What Constitutes Medical Malpractice?
Medical malpractice is different from negligence, which is the basis of the majority of personal injury claims. An act of medical malpractice occurs when a physician or other healthcare professional treats a patient in a manner that is outside of the standard of care that another healthcare professional of similar education, training, and experience would demonstrate. As such, the actions of a dermatologist could not be compared to the actions of a heart surgeon; the plaintiff must prove that the defendant treated them in a way that another doctor in a similar circumstance would not have.
Proving that medical malpractice occurred can be difficult. In Virginia, the law requires that the testimony of a medical expert be presented in order for a plaintiff to bring forth a medical malpractice suit. This testimony is used to both establish the medical standard of care the defendant is held to and to prove a deviation from the medical standard of care.
Who Can Be Named in a Medical Malpractice Suit?
Any party who breaches the standard of care owed to a patient may be named in a medical malpractice suit. This might include a nurse, physician, surgeon, anesthesiologist, psychiatrist, pharmacist, and more. In addition to nurses and doctors, any other party who acted negligently may be named, such as a hospital receptionist who failed to keep proper records, a lab technician, or the hospital itself. If you are unsure of who is to blame for the harm you’ve suffered, contact our law firm. We will review your case for free and help you to understand liability.
Damages Recoverable in a Medical Malpractice Case
While plaintiffs in a medical malpractice action may seek compensation for both economic and noneconomic losses, the state caps damage awards in medical malpractice cases. As found in the Code of Virginia Section 8.01-581.15, “the total amount recoverable for any injury to, or death of, a patient shall not exceed…” $2.35 million for injuries occurring from July 1, 2018-June 30, 2019. The cap increases in the future; for injuries incurred prior to July 1, 2018, the amount recoverable is slightly less.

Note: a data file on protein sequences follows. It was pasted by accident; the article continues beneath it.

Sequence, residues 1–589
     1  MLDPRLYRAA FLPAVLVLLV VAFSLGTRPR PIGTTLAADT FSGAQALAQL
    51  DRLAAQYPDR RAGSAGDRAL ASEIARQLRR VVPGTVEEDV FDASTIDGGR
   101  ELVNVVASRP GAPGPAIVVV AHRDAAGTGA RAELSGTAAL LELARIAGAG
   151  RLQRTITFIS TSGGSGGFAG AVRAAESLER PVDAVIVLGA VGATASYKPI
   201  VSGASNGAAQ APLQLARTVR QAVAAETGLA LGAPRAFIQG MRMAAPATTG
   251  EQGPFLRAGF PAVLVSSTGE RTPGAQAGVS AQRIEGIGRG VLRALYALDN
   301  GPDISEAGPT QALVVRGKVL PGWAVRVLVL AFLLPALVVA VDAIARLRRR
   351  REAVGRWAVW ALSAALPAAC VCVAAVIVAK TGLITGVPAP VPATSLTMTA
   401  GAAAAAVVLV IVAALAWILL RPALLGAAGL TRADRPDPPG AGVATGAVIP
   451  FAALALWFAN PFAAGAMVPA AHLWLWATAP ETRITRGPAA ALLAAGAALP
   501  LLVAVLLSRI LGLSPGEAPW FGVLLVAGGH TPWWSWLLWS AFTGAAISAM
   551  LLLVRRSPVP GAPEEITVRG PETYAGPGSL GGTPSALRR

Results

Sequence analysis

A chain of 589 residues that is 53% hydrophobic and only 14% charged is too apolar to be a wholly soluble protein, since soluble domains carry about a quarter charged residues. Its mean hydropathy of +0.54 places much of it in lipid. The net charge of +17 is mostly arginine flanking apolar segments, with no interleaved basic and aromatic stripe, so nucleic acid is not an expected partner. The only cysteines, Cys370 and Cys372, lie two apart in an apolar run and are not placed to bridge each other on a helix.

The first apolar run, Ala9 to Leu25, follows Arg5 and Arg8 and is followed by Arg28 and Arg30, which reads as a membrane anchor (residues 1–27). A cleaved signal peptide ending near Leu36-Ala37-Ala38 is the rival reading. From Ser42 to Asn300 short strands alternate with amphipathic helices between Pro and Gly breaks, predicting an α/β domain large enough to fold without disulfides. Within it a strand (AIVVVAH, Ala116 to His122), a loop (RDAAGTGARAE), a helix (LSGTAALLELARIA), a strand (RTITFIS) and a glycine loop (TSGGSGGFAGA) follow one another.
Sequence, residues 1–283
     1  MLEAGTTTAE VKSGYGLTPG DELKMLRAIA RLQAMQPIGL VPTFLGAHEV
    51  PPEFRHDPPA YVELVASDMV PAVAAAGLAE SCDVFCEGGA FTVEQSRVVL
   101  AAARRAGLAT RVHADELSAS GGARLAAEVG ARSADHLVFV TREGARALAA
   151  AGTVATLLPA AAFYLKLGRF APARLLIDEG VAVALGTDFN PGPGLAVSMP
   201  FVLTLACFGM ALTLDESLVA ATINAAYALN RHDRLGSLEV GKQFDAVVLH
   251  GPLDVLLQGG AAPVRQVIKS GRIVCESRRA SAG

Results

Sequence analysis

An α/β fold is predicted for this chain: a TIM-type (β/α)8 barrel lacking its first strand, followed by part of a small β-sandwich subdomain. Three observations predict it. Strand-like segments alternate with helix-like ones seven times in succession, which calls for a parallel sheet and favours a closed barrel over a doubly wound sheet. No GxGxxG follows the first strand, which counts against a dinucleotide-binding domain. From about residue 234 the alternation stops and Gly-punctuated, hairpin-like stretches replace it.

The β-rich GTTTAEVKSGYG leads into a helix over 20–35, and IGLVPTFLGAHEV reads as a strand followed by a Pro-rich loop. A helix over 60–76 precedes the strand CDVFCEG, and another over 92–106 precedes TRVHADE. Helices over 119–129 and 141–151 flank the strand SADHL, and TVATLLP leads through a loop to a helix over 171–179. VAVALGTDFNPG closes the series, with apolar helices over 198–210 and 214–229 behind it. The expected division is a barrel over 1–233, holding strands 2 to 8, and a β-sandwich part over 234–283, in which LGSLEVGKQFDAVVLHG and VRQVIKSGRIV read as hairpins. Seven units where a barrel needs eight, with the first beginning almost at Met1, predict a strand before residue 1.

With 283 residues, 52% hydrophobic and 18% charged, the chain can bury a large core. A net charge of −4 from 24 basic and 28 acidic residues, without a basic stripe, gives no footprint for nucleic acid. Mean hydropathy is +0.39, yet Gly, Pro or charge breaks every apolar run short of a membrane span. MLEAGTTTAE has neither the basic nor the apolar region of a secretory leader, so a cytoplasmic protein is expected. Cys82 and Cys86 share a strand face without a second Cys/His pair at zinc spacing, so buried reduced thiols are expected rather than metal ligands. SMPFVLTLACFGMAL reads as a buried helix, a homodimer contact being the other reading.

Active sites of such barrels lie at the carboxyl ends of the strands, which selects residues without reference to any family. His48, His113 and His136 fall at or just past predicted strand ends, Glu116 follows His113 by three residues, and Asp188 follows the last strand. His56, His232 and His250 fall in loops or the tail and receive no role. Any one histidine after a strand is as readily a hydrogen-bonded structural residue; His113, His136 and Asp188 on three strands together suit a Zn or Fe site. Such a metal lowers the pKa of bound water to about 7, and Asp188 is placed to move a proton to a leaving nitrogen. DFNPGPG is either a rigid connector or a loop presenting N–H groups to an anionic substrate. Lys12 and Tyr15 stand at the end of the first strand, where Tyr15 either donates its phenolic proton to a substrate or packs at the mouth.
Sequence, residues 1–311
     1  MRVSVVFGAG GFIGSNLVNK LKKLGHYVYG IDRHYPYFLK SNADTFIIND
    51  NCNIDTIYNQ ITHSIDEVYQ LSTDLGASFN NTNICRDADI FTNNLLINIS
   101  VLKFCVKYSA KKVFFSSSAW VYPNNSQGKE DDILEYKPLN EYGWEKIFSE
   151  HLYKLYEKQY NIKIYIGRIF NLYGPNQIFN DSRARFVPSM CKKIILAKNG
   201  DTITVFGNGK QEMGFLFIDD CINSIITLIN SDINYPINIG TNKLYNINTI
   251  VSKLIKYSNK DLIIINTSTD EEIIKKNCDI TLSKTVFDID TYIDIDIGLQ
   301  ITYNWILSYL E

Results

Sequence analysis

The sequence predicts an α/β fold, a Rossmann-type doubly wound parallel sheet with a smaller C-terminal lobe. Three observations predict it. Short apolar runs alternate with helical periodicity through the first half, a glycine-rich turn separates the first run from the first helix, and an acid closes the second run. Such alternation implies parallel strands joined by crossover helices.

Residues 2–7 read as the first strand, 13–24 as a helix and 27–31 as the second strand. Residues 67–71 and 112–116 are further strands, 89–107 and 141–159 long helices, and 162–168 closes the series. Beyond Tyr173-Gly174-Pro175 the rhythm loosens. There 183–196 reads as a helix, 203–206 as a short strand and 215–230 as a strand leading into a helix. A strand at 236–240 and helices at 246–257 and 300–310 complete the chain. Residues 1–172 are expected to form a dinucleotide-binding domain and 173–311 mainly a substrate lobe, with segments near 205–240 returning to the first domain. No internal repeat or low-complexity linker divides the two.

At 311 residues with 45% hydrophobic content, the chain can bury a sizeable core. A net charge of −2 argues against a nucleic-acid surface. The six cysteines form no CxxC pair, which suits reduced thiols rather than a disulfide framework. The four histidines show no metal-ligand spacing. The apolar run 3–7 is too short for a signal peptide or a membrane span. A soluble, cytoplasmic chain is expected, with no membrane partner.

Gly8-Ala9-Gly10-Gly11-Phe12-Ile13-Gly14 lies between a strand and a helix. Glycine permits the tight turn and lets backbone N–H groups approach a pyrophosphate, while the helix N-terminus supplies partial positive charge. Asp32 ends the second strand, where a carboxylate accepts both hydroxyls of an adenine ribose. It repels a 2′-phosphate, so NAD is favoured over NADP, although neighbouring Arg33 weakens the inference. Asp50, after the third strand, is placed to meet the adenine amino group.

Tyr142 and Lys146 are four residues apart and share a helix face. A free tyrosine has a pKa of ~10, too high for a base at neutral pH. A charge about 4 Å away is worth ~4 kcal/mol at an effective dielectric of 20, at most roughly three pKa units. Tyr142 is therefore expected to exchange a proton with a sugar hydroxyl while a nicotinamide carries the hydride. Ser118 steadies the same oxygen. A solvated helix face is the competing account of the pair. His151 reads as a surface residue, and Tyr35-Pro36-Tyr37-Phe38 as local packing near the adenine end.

Statute of Limitations for Medical Malpractice Claims in Virginia
In addition to a cap on the amount of damages that a patient can seek after suffering an injury caused by medical malpractice, the state of Virginia also enforces a strict time limit on the recovery of damages, too.
The time limit for filing a claim is two years from the date that the cause of action accrues, as found in the Code of Virginia Section 8.01-243. Further explained in the code, however, is the fact that the two-year deadline may be extended in medical malpractice suits when:
- The case arises out of a foreign object being left within a patient’s body during surgery;
- The case involves fraud, concealment, or intentional misrepresentation which prevented the discovery of the injury within a two-year period; or
- The case involves the misdiagnosis or delayed diagnosis of a malignant tumor or cancer, in which case the limit is extended from one year from the date of the correct diagnosis.
How Can Working with a Virginia Medical Malpractice Lawyer Help My Case?
The laws for filing a medical malpractice claim in Virginia, and the process of actually doing so and recovering the compensation one deserves, are extremely complex. Working with a qualified Virginia medical malpractice lawyer can be beneficial and improve your chances of winning your case. When you hire our law firm, we can help you by:
- Investigating your case. We open an investigation into your case that seeks to determine liability and establish the standard of care owed to you and the breach of that standard. In order to do this, we hire medical experts and manage 100 percent of this expense.
- Organizing and filing your suit. We have the staff and resources necessary to effectively manage all elements of your claim, including gathering and organizing evidence and documentation and properly filing the case with the court.
- Proving malpractice and damages. Your suit will not be effective if you cannot prove that the defendant breached the medical standard of care owed to you and that this breach was the direct cause of your harm and the extent of the harm you suffered.
- Negotiating and litigating. Finally, our lawyers are skilled negotiators who know how to maximize your settlement. When an out-of-court resolution is impossible, you can take solace in the fact that we are experienced litigators who have a reputation for winning trials.
Contact Schilling & Esposito Today for Your Free Consultation
If you believe that the actions of a medical professional have caused you to harm that you would not have suffered otherwise, you need to meet with a lawyer before it’s too late. You can request a free consultation with the offices of Schilling & Esposito Personal Injury Attorneys by sending us a message directly or calling our law firm at 804-261-1001 today. You can also visit one of our two office locations in person at your convenience.